It looks like a usual soccer ball. It plays like one, and weighs barely more.
Yet a simple mechanism hidden inside makes the Soccket a little different from the regular football: When you play with it, a pendulum stores energy from the motion, and converts it into electricity that can power a lamp plugged into it. A 30-minute-long match will give you three hours of light at the end of the game.
The student project at Harvard College has even caught the notice of Microsoft founder Bill Gates and former US president Bill Clinton.
The energy-harnessing ball is the brainchild of Harvard students Jessica Matthews and Julia Silverman, who developed it during their junior year when they enrolled in an engineering class for non-engineers.
In 2011, they set up Uncharted Play to produce and distribute their creation, with the aim of bringing light to communities without electricity around the world.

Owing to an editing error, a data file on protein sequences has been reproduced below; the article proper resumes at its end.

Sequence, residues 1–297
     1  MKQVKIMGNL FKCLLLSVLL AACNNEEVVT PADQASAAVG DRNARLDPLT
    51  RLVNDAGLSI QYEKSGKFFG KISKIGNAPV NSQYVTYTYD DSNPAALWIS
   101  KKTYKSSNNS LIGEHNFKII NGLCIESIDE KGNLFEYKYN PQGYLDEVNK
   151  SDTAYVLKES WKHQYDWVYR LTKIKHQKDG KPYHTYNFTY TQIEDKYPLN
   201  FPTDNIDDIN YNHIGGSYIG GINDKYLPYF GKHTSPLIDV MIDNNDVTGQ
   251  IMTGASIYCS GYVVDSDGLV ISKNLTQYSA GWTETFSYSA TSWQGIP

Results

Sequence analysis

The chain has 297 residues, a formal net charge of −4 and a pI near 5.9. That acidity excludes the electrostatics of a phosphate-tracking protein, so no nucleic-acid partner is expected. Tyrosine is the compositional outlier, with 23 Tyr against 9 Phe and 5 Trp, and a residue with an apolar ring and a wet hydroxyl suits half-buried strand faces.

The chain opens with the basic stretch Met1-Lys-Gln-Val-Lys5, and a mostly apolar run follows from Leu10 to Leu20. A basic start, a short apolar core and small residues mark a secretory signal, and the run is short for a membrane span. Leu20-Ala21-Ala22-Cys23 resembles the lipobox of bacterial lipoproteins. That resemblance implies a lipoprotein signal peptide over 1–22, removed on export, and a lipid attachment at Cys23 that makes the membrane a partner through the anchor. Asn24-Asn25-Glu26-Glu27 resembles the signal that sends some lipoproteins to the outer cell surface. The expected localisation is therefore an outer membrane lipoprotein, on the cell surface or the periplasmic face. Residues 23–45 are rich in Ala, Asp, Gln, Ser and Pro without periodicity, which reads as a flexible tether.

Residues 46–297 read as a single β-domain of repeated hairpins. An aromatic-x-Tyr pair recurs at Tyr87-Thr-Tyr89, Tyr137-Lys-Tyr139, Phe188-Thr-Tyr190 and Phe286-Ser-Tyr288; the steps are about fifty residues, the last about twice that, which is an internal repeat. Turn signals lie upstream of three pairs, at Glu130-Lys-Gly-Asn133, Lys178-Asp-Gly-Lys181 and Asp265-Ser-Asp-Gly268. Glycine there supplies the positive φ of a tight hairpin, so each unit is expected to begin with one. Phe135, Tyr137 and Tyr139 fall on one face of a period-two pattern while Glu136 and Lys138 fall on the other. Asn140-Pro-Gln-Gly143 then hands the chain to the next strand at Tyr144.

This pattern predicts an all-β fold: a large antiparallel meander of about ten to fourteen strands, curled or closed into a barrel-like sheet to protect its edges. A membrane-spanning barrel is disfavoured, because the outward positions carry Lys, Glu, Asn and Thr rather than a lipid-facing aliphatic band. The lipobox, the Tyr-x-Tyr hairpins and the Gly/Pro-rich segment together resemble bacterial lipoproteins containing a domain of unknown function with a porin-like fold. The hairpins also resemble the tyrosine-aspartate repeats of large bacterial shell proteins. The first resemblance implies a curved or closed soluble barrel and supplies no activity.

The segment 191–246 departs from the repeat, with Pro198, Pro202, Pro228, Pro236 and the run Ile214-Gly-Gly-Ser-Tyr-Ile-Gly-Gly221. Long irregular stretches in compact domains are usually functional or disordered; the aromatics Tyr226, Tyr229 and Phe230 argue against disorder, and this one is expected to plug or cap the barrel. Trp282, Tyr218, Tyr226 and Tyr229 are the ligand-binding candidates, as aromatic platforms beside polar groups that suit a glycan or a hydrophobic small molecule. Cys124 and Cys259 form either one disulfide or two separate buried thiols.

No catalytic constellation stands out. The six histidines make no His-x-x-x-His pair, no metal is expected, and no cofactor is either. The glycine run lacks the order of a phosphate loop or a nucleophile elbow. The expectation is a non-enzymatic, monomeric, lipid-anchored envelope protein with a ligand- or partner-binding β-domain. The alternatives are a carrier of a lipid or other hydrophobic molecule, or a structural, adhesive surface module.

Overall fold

Its brilliance was evident. When Uncharted Play launched a crowd-funding campaign in February hoping to raise US$75,000, it got US$10,000 on the very first day - US$92,300 within one month. More than 1,000 people supported the project.
"It is something simple that resonates in people's lives," said Ms Matthews. "You're making a difference."
The balls have since been distributed in South Africa, Mexico, El Salvador and Brazil, and Uncharted Play is also in talks with the Nigerian and Bolivian governments.
Ms Melissa Seligmann, vice-president of business development at Uncharted Play, remembers children's reactions playing with the Soccket in Soweto on the outskirts of Johannesburg. "There was a true excitement among them when they saw the product. They started telling us it could help their parents with the energy bill."